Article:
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Monday December 19 2016 / Science & Technology - Art & Design - A Little Levity

24-year-old Luca Iaconi-Stewart is a self-described aviation nut. In 2008 he was still in high school when Boeing launched their then-new 777 and was so impressed that he decided to make a 1/60-scale model using light card board cut from manila folders.

He had no access to engineering plans so studied photos and a maintenance manual to make plans of his own.

Iaconi-Stewart's model is of an Air India 777-300ER.

To make the project even more challenging, he decided that he wanted to make his model realistic, even in areas that were not usually seen, and to make many of the technical components including engines, doors, and landing gear functional.

Iaconi-Stewart studied YouTube videos of Boeing 777s landing and taking off to work out how the thrusters and landing gear operated.

The engines alone took him five months and he has spent two years working on the wings. The seats alone took an entire summer: 20 minutes for each economy seat, four to six hours for a business class seat and eight hours for each first class seat.

The plane is complete down to tiny details like bolts, hydraulic pipes, hinges. seatback entertainment systems, the hidden crew's “rest module” and even food carts in the galleys.

Iaconi-Stewart did take a year out of his project to work on an advert for Singapore Airlines.

All going well, he hopes to compete his Air India 777-300ER by the end of 2017.

For more information visit and his YouTube channel.

Suggested by
Ian Skellern

Thursday October 6 2016 / Science & Technology - Art & Design - A Little Levity

 Robb Higgs is a British artist who believes that the more effort people put into relating to his interactive art, the more enjoyment his art provides.

The Corkscrew by Robb Higgs

If his premise is true then the taste of the wine poured by his integrated corkscrew/wine pourer contraption must be absolutely sensational because its operation demands considerable effort.

Monday May 2 2016 / Science & Technology - A Little Levity

We've all been here, haven't we? Well, hopefully a few of you at least will have shared the following scenario with me in childhood: you have folded the perfect paper plane, which in your imagination soars effortlessly across the room to gasps of admiration (and a tinge of jealousy) from the rest of the room. But, in reality, when you release your plane (with just a little too much force) it flies straight down to the floor with a paper- and soul-crushing thwack, followed by a quickly rising volume of laughter and sniggers.

If only there was a better way.

Monday December 22 2014 / Science & Technology - Art & Design - A Little Levity

Here’s something I bet many of you would like to find under your tree this Christmas: Anki DRIVE.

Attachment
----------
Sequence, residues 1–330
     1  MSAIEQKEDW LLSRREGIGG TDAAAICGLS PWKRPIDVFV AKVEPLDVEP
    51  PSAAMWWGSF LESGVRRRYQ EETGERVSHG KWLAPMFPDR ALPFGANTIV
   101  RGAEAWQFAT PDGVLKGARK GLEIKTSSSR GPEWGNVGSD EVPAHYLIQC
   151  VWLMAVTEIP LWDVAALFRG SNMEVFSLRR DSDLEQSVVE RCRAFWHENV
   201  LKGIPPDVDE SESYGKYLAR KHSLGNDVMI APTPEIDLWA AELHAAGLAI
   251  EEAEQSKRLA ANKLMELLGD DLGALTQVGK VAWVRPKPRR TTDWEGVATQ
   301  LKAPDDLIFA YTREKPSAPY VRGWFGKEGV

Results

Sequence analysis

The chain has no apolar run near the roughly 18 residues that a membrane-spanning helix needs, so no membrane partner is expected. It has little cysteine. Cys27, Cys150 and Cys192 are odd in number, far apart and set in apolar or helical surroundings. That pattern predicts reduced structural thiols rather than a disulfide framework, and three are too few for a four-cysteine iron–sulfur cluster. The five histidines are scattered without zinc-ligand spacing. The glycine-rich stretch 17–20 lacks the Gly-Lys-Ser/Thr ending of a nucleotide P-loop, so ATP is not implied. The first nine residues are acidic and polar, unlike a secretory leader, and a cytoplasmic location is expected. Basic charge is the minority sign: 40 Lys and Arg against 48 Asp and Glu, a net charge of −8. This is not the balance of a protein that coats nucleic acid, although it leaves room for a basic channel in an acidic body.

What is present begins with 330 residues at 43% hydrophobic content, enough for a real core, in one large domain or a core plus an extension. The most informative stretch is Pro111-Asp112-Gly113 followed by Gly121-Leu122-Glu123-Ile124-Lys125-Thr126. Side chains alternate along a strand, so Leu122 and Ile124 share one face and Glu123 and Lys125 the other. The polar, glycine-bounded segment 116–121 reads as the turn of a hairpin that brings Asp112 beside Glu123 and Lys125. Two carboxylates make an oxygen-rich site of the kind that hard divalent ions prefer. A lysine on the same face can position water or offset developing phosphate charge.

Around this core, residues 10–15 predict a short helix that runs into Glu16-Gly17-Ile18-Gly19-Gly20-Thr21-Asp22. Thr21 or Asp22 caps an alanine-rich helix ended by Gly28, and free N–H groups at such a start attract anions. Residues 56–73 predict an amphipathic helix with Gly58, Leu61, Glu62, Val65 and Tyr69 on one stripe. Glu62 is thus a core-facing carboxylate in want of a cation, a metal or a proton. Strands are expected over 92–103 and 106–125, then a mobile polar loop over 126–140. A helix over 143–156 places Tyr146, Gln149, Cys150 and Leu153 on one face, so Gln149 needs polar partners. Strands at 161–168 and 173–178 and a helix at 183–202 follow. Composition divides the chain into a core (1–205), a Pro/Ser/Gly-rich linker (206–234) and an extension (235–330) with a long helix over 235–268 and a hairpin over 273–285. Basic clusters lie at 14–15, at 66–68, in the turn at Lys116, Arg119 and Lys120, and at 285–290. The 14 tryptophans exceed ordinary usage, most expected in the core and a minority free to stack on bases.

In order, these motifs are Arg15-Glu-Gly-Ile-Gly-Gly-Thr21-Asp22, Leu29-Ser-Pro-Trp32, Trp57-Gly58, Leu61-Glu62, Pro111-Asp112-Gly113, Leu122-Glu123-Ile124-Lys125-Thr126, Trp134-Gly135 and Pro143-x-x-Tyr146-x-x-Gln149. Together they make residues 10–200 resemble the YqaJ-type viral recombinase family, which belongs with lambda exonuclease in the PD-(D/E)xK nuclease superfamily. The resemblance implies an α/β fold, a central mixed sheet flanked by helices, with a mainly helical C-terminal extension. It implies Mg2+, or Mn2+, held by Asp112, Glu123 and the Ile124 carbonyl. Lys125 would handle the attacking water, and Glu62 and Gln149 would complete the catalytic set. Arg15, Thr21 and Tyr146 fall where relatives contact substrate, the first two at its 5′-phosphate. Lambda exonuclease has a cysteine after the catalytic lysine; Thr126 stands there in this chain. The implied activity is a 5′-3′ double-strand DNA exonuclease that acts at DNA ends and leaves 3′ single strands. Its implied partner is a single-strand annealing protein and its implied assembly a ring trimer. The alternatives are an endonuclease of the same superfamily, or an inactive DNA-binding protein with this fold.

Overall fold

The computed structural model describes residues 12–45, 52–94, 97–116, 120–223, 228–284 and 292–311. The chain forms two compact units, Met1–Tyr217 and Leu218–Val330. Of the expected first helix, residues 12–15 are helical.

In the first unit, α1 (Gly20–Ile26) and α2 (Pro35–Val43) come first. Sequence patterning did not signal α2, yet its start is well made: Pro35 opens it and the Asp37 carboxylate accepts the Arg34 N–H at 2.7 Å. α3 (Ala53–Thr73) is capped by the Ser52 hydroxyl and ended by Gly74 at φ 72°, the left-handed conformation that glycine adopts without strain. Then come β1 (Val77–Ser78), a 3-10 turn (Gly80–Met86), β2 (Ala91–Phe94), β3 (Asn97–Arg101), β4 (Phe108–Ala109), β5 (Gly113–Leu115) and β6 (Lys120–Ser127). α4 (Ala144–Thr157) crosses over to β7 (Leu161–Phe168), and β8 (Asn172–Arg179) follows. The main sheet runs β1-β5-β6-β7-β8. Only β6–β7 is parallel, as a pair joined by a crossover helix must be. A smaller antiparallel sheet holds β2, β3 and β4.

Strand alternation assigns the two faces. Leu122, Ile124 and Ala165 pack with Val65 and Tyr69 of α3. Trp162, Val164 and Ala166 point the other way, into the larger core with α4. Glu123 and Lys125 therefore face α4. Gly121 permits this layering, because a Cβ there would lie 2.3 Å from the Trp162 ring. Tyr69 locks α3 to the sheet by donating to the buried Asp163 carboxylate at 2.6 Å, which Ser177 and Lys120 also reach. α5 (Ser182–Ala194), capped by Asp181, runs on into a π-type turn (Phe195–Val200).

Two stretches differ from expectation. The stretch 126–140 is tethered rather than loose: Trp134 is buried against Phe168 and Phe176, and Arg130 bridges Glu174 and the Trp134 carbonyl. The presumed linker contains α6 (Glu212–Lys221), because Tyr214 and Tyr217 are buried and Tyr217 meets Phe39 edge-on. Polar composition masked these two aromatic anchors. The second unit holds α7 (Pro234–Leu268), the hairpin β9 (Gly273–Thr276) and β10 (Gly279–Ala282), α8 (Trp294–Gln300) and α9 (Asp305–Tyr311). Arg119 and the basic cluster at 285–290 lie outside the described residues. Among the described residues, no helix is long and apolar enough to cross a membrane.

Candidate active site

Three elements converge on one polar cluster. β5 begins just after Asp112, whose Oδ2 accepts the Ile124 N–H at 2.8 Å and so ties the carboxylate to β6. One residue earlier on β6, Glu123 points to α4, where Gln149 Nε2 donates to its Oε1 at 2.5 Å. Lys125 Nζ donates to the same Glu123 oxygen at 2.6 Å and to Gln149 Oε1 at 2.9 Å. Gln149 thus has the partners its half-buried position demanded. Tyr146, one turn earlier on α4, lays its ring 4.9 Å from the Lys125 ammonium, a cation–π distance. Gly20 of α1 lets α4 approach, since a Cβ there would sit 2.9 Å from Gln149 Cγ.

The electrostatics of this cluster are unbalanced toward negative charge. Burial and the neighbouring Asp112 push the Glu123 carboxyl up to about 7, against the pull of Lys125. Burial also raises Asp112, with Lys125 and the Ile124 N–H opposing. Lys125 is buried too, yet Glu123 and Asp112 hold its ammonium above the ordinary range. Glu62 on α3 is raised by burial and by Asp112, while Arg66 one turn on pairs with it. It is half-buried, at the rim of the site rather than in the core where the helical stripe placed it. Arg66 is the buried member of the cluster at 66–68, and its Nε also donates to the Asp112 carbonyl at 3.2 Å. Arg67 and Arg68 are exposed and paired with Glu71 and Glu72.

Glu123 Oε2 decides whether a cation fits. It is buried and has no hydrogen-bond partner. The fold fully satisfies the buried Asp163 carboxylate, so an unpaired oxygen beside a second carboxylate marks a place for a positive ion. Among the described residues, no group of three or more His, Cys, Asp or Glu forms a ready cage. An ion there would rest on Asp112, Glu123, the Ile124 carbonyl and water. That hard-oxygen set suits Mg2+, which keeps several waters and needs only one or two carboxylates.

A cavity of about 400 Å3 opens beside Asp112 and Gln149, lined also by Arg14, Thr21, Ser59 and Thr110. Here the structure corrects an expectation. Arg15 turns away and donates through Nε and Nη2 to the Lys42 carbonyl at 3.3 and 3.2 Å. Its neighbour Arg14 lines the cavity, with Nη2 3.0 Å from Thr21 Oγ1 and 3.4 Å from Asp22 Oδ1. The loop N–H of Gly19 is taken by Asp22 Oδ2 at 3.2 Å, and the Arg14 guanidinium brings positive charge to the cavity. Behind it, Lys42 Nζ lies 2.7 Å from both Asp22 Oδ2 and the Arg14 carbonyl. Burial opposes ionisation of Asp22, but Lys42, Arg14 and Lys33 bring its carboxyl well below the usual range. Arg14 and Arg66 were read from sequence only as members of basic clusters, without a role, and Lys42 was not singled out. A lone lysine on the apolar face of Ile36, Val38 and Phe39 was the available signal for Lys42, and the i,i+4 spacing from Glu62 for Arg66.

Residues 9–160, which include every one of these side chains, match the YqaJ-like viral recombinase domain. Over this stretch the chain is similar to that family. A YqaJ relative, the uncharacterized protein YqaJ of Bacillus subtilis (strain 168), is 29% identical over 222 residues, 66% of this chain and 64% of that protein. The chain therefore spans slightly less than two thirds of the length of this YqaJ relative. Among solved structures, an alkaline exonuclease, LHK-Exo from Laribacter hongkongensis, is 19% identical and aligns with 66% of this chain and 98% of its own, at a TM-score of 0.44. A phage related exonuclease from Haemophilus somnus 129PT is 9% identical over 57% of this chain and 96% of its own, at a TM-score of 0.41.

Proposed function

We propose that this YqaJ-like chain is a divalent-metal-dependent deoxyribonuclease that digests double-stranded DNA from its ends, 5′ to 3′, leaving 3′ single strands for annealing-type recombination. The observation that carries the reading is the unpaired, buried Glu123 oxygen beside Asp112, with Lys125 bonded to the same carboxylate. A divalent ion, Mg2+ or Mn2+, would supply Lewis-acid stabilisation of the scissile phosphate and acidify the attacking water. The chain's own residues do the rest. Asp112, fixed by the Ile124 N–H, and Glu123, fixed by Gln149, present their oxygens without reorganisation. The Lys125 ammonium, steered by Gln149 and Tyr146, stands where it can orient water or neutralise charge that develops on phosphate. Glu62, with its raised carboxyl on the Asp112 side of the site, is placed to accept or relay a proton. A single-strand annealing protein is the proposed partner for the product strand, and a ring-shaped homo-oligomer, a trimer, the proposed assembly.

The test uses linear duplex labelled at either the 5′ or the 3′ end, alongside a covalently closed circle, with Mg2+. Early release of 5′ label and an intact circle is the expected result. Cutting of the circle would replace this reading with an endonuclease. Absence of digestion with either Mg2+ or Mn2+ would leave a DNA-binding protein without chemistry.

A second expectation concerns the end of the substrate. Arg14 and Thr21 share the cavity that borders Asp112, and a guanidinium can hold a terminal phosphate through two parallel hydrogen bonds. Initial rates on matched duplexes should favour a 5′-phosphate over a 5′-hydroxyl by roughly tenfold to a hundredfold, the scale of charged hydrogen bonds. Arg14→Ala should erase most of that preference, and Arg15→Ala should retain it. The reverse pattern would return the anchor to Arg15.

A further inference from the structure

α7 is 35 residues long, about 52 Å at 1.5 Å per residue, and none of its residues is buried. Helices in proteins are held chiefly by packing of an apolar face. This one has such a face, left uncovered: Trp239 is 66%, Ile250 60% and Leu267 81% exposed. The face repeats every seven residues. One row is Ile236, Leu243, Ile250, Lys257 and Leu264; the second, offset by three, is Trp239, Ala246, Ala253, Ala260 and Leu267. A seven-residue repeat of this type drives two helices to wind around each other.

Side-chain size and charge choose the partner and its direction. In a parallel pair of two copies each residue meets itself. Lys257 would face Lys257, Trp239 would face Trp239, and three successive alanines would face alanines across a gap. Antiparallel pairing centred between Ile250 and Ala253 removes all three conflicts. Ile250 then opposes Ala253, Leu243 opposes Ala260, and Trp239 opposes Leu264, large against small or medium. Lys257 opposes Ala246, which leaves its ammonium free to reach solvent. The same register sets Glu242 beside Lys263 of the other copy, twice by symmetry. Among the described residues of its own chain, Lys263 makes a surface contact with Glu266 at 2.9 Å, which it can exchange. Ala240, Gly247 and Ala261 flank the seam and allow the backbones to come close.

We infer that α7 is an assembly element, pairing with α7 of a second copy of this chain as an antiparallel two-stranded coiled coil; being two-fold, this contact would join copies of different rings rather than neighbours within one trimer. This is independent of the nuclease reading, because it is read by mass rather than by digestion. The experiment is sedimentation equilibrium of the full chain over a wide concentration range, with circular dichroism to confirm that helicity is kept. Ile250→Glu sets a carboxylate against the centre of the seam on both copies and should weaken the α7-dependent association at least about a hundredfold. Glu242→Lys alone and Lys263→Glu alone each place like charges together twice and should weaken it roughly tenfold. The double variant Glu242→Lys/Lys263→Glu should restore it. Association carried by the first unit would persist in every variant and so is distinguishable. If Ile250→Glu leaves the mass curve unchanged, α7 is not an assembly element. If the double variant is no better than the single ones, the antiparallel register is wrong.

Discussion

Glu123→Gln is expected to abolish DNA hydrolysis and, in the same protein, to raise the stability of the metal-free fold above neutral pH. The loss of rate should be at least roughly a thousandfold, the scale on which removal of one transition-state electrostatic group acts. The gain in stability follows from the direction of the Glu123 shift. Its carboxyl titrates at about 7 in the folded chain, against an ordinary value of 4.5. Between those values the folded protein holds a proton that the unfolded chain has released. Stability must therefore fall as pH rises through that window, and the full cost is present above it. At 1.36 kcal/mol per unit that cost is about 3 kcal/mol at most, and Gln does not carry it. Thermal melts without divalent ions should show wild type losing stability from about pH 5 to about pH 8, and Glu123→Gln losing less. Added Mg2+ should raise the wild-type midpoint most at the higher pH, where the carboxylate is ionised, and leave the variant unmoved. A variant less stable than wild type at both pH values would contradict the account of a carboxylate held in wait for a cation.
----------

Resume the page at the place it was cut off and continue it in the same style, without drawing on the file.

Described as “part toy, part video game, all out battle-racing action,” Anki DRIVE is an extreme car race that has taken the virtual gaming world and brought it to real life. Well, almost. This Scalextric set on steroids contains artificially intelligent muscle cars that not only steer themselves around a large, oval racetrack, but have built-in weapons capabilities to throw enemies off-course. And it can all play out on your living room floor. 

Monday December 8 2014 / Science & Technology - A Little Levity

The Belgian village of Châtillon is a pretty unassuming place. A stone’s throw from the border with France and Luxembourg, it forms part of the sleepy commune of Saint-Léger which boasts a modest population of 3,500 people.

Paris, New York or London it ain’t, but Châtillon has nevertheless attracted a fair few tourists over the past decades, curious to see and take photos of an eerie phenomenon on the outskirts of town.

For over half a century, until just a few years ago, the forest surrounding Châtillon was the home to what can only be described as a ‘car graveyard’. 

Monday October 27 2014 / Art & Design - A Little Levity

The ancient, pre-Christian Celts believed that there was one day of the year when the ghosts of the dead mingled with the living. This day, called Samhain, was a time to pay tribute to the spirits of their departed ancestors.

Nowadays, this tradition has evolved into “Halloween”, where the dead have become a creepy costume and rather than honouring them, we often find them terrifying.

In his workshop, surrounded by what looks like a set of props from a Hollywood horror flick, Maskull Lasserre seems to be reinvigorating this ancient Celtic tradition, repurposing familiar objects into macabre sculptures and carvings.

Where there were once bell jars, tree branches or axes, Lasserre has chiselled intricate skulls, nooses and snake skeletons.

Monday June 23 2014 / Science & Technology - Art & Design - A Little Levity

If music is a means of self-expression, then drums are the means of expressing ourselves to a lot of people.

Drums are a primal instrument whose beat connects us to the beginning of human civilisation much in the same way as fire does.

But somewhere along the line, the simple animal-skin drum morphed into the modern drum kit, which is actually a complicated ensemble of different instruments.

Monday April 14 2014 / Science & Technology - Art & Design - A Little Levity

Outlandish events often begin life in the most banal manner. You need only look at the world of Hollywood blockbusters for confirmation of this.

A random person eating a hot dog, mowing the lawn, or waiting for a bus suddenly spots the alien spaceships landing in the opening scenes of a movie. Eyes pop, jaws drop, men stare in disbelief, women scream, and then all the interesting stuff commences.

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